The duration of your project, whether it be one 1month or 6, will feel like a lifetime as you expand your knowledge and experience base far beyond its current boundaries. It will create more opportunities as you follow your own specific path through your personal and academic life and will be looked back on as a ‘defining time’ in so many positive ways.
The breadth of training and skill development in the Humpback or Killer whale internships offer individuals incredible hands-on experience in research-specific marine conservation. Collating visual data samples, managing biopsy collection, behavioural acoustics monitoring, satellite transmitter attachment, and boat and shore-based tracking are all key aspects of the internship, for which you gain incredible training and learning.
Boat handling skills are also a big part of this role and an essential part of every marine conservationist’s toolkit. Living and working off the South African Cape will create one of the most memorable and formative experiences imaginable and as a volunteer intern, you are sure to gain back the energy you expend in spades.
The internship positions on offer with this project are truly incredible and can allow you to create the sort of direction you really want to follow for the rest of your academic life and conservation career. The Blue Lagoon and Coral Reef Monitoring Programme is based around the Blue Bay and Pointe d’Esny regions of Mauritius. Sadly, this is also the recent site of a horrific commercial oil spill disaster, and so is in even greater need of diverse support.
Interns are able to focus on roles as Lagoon Monitoring Project Coordinator, Volunteer Coordinator, Coral Farming Intern, Turtle Monitoring Intern, or Human Activity Intern. All of these essential roles involve a high level of skill in understanding and managing the human impact on the reef environment, as well as running surveys, collating data, reef repairs, and plant and animal sample collection. You will receive training to be able to fulfil these specific duties and can even create the opportunity to get PADI certified if you wish.
The only absolute necessity to attend is that you possess strong, confident swimming skills in order to attend but given the depth of interest in cetacean populations, and marine life in general, that you require to want to work here it is usually the case that interns already swim like a fish!
For those driven individuals who know from a young age that their academic and personal direction is heading out to sea with the cetacean population, then this is an incredible project to get involved with, to get ahead of your peers, to develop your experience cache, and more importantly to set yourself up with a range of fundamental environmental monitoring skills.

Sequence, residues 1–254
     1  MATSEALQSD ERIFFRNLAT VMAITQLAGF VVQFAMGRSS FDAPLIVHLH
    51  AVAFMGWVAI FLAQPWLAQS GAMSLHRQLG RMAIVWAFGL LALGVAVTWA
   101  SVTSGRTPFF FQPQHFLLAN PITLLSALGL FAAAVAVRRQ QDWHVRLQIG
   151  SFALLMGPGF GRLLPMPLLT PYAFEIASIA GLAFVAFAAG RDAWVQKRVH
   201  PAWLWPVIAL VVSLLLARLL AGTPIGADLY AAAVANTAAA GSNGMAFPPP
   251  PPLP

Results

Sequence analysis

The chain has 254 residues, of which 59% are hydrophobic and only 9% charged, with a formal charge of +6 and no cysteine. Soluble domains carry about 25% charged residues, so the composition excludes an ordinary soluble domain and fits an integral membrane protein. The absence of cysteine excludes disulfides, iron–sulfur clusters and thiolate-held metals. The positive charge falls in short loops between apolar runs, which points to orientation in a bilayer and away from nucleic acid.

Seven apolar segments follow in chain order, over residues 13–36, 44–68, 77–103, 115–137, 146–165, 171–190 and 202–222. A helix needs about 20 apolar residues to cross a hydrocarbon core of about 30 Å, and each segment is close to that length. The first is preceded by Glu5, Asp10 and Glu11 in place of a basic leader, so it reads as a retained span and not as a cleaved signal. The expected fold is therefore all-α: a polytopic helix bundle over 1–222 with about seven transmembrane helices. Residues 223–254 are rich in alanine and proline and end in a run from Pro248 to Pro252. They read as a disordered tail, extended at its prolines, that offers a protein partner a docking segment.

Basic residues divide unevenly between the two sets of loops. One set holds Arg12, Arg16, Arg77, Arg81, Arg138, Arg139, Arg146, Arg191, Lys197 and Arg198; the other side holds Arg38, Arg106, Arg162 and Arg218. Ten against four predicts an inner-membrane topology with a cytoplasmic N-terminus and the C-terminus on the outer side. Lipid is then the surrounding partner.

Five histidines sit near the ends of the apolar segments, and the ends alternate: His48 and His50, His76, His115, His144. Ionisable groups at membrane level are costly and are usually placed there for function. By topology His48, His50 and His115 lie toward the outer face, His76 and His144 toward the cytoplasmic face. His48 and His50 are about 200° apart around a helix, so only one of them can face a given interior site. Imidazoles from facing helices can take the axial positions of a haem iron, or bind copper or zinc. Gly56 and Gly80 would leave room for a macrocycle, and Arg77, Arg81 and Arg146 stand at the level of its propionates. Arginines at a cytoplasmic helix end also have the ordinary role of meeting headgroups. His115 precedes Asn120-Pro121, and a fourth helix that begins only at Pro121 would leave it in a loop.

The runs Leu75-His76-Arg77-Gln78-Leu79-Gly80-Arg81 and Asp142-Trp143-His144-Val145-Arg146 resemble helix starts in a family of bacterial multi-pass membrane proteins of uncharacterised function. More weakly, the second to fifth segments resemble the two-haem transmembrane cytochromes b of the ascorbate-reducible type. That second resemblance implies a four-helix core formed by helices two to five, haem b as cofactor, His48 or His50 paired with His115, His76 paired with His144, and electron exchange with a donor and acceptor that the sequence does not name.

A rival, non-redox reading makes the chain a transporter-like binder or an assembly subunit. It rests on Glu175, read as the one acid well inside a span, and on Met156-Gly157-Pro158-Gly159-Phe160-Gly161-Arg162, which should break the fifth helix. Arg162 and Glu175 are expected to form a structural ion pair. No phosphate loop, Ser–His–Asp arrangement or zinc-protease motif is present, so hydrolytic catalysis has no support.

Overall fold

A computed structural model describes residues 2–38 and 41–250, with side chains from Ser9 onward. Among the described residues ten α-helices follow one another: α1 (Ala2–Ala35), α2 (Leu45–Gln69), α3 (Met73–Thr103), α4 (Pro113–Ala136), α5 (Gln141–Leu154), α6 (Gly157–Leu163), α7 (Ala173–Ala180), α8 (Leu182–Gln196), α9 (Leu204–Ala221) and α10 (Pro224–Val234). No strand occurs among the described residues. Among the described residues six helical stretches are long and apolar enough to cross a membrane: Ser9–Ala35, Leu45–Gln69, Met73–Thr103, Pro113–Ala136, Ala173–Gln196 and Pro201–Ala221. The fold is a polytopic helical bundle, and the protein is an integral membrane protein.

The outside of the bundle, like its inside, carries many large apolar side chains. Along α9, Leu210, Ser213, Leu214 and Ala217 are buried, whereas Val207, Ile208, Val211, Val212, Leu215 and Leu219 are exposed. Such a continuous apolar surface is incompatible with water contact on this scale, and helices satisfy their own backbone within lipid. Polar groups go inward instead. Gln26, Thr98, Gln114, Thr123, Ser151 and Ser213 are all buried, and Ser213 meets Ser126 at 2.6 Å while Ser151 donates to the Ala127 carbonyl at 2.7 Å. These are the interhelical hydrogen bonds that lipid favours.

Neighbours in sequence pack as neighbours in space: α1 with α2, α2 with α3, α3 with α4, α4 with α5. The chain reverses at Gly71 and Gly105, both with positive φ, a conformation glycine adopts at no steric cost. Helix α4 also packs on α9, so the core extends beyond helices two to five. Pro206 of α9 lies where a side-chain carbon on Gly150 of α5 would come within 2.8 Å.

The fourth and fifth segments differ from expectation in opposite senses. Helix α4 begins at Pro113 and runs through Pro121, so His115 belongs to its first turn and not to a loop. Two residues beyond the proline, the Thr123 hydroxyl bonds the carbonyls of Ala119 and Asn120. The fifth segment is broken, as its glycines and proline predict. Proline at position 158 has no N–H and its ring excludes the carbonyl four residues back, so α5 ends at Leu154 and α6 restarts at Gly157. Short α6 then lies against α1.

This project offers younger marine conservationists (aged 16-17years) the chance to attend an active research programme with an appropriately high level of staff to ensure that the participants gain the skills, insights, and support they need to get the most out of their time.
It really is the research ship based equivalent of getting a (sea)leg-up in the marine conservation world and gives you the chance to show yourself (and those around you) the grit and determination needed to succeed in this physically/emotionally demanding and academically competitive sphere. As a starting point for a lifelong love of marine mammals and the indigenous UK shoreline, this is the perfect project to set sail on.
We know that seeking an internship can seem daunting and more than a bit scary, after all your hard-earned savings, as well as your future self, is on the line, but at WorkingAbroad we work tirelessly to support the projects we know effectively, appropriately and selflessly conserve all sorts of different species and regions around the world. We work to ensure that our volunteers and interns gain the most out of their time on the different projects, matching their dreams and desires to their learning outcome and their academic achievements.
So, if you have an area of particular personal or academic interest that has not been covered here, or have any questions regarding our skilled internship opportunities, please contact firstname.lastname@example.org or email@example.com. An informal discussion will ensure you feel reassured that the plans you are making for your time away from home and/or for your long-term professional pathway are going to take you where you need.
We will help you create a legacy and longevity to the skills you will learn, which will be of benefit to both you and the planet in ways you can see now, and also in ways that will no doubt surprise you in the future. A life in conservation may be a tough calling but the places you will see and grow to love will only drive your passion further, making you thankful that you followed your instinct and chose this direction for your life.
Written by WorkingAbroad Blogger Rae Hadley